Artist Brings Abraham Obama to Seoul
American artist Ron English may not be a household name here but you might remember the memorable mash-up of U.S. Presidents Abraham Lincoln and Barack Obama's faces called ``Rainbow Abraham Obama.''
English visited Seoul earlier this week to attend the opening of ``Bright Society,'' a joint exhibition with Korean artist Park Young-gyun at Opera Gallery Seoul, Cheongdam-dong.
The 50-year-old artist looked tired from his flight the previous day when he met with The Korea Times at the gallery, Monday. He admitted he was still functioning on New York time which then was around 2 a.m., but gamely talked about the guerilla street art and ``Popaganda'' studio art he became famous for.
``Popaganda'' is the term he coined for his works that combine pop culture characters and American symbols to express satirical metaphors. Aside from the Rainbow Abraham Obama, Opera Gallery is also showing paintings such as the fat Ronald McDonald ``MC Supersized,'' genetically modified cowgirl ``Cowtown Cathy'' and dark humorous works featuring a three-eyed rabbit, which he says is meant to represent himself.
English, who grew up in Decatur, Illinois, says he was always controversial ― even his childhood drawings got him in trouble in school.
``(My) teachers always said `he's trouble.' I was always getting in trouble for my art. I wasn't trying to be mean or anything. I would just draw a monkey peeing on a fire hydrant, while a dog looked at him like `that's my fire hydrant'. That's just the way I thought,'' he said.
As a student in Texas in the early 1980s, he was already hijacking billboards and replacing them with his own work, long before people knew what street art was.
In New York, he became an even bigger name with his critical but humorous way of subverting corporate America's ad campaigns. He created billboards of ``Cancer Kids'' with Camel Joe children smoking, and turned Apple's Think Different ads on its head by featuring Bill Gates and Charles Manson. The fat Ronald McDonald was prominently featured in Morgan Spurlock's Oscar-nominated documentary ``Super Size Me.''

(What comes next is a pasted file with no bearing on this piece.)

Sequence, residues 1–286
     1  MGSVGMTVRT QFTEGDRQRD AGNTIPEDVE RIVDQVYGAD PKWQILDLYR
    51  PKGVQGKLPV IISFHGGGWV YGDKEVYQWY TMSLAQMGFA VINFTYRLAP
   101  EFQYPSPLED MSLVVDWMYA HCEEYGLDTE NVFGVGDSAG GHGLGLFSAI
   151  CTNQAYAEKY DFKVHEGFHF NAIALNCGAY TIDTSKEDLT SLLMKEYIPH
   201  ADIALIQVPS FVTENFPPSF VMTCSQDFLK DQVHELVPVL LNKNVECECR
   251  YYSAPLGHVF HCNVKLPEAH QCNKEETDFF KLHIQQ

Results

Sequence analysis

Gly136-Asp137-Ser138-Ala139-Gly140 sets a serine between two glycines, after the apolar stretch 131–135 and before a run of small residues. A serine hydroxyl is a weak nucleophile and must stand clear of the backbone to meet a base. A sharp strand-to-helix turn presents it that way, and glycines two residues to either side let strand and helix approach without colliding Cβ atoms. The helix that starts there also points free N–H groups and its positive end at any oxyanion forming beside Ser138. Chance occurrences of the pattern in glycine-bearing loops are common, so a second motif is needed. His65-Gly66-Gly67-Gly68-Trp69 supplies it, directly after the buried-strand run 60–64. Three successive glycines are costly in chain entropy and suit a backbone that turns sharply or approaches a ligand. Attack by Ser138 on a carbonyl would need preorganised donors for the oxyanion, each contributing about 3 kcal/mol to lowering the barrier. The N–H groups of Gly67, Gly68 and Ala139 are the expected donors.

``I thought it would be funny to show what Ronald McDonald would look like if he really ate at McDonald's every day. He won't be skinny or anything. I did the billboards as if McDonald's were putting them out, so it had a very prankster-ish and playful way,'' English said.
His street art has attracted a lot of attention, and last year, English was one of the street artists asked by the Obama campaign to contribute works inspired by the presidential candidate.
Immediately thinking of the similarities between Obama's and Lincoln's presidential campaigns, English merged their images in a rainbow of colors.
``Obama pretty much had the same experience as Lincoln had, and no one seemed to have argued with his abilities. Then I realized there were similarities between these two skinny guys from Illinois,'' he said.
Asked about what he thought of the U.S. president receiving the Nobel Peace Prize, English admitted people may have given Obama a place of history before he even earned it.
``Maybe Obama's like the Paris Hilton of politics. She's never done anything but she's famous all over the world,'' he said.
Some of his works may have some political undertones, but English says ``art is about life.'' ``I try to make art not just about a very myopic slice of life, but kind of the whole spectrum of life. … My goal isn't to alienate people. That's why I use a lot of humor,'' he said.
In the past, he used pop culture icons like Mickey Mouse and Marilyn Monroe in his works, but English is now using more of his own quirky characters.
``Everyone was making toys and doing licensing deals, and I found I couldn't do that because I can't license crucifying Mickey Mouse on a mousetrap. So I've been doing a lot of my own characters. With a little luck, we're trying to get a TV show about some of the characters and stuff. There's this new world that opened up to me because I wasn't doing Mickey Mouse anymore,'' he said.
English no longer hijacks billboards these days, preferring to do things the legal way. It started when he and his band toured ten cities in the U.S. to promote ``Rainbow Abraham Obama.'' English made sure everything they did was legal, since any hint of illegality would perhaps affect Obama's campaign.
``In the process of doing that, I realized it was sort of an addiction to doing billboards. I've been doing billboards for 30 years,'' he said. ``I'm trying to be on the right side of the law, which can sometimes be very difficult. I think being a 50-year-old man going out and committing crimes is probably not good. At some point, you probably need to grow up,'' he wryly admitted.
But judging from the array of amusing, surrealistic artworks at Opera Gallery, growing up does not mean English's art will be dull and boring.
Opera Gallery Seoul is located on the first floor of the Nature Poem Building, Cheongdam-dong. Email email@example.com or call (02) 3446-0070.